In government, we know that signing off a transport scheme today affects society in a vast number of different ways. This in turn raises questions of accountability, not just for use of public money but for the future – and whether we have thought about future generations and the impact of our choices. And it raises questions of how we support innovation – one of the things very close to the heart of people here.
We’ve already placed some significant limits on the use of internal combustion engines in transport, to control its harmful side effects. Now we have to decide what we want from emerging vehicle technologies.
What balance do we seek? What do we want in the way of efficiency? What do we want in the way of fairness? What do we want in the way of inclusivity?
How can we use policymaking to support wider goals of clean air, higher productivity, and more sustainable economic growth? And how do we bring these new technologies to market?
Foresight and government FOM strategy
That’s the wider context in which this Foresight report is being launched. Foresight is a difficult thing to gain. Any help one can have in this area is important—to gain a foundation of understanding and evidence to inform our decisions and anticipate future trends.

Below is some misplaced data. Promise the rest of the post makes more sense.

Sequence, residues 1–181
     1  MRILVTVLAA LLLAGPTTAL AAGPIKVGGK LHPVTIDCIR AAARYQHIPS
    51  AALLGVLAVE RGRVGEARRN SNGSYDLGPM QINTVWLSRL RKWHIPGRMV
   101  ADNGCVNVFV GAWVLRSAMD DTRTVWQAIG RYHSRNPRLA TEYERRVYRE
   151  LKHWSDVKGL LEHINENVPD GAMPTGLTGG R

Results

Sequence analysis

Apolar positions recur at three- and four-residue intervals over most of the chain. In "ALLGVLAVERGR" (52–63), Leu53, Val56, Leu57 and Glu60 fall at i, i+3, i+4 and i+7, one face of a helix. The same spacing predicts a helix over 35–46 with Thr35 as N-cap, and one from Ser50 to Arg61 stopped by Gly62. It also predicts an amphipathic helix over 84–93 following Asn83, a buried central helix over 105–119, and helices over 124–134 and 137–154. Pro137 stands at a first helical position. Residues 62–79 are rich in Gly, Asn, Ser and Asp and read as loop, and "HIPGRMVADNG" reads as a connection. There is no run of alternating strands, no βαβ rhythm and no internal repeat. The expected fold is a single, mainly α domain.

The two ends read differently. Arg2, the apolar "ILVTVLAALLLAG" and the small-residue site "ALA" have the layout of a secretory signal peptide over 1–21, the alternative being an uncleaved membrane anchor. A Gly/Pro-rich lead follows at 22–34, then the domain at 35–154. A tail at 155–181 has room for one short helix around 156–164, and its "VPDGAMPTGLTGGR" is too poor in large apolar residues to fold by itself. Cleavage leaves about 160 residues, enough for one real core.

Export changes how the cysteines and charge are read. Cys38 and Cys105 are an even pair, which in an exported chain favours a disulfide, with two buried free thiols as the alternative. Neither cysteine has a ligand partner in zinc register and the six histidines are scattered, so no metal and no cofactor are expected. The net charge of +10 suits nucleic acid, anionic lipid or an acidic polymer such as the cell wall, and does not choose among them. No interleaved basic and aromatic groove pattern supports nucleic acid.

Thinking about the impact of change on different parts of society, younger people and old. Thinking about the economics of electric vehicles.
Thinking about the changing cost of manufacturing, purchasing, running, repairing battery operated cars. All the things that it will mean for car owners, the motor trade, and those around them.
These three foresight scenarios are a really helpful way of helping us look at the different trade-offs and the agendas that could potentially dominate the public discussion.
Of course we intend to use the report, and indeed we will use it, as we reflect further on the Industrial Strategy we’ve launched. That strategy is an attempt to become self-conscious in some of the ways I’ve described today—about where we place our bets, and what we’re trying to achieve.
Some countries claim not to have an industrial strategy. But believe me, any one who says that has a strategy -they just don’t know it.
In the UK, we are investing nearly £1.5 billion between 2015 and 2021 to support the growth of ultra low emission vehicles. But we have also spent £250 million up to 2021 to support more than 200 companies and research organisations developing technology for autonomous vehicles.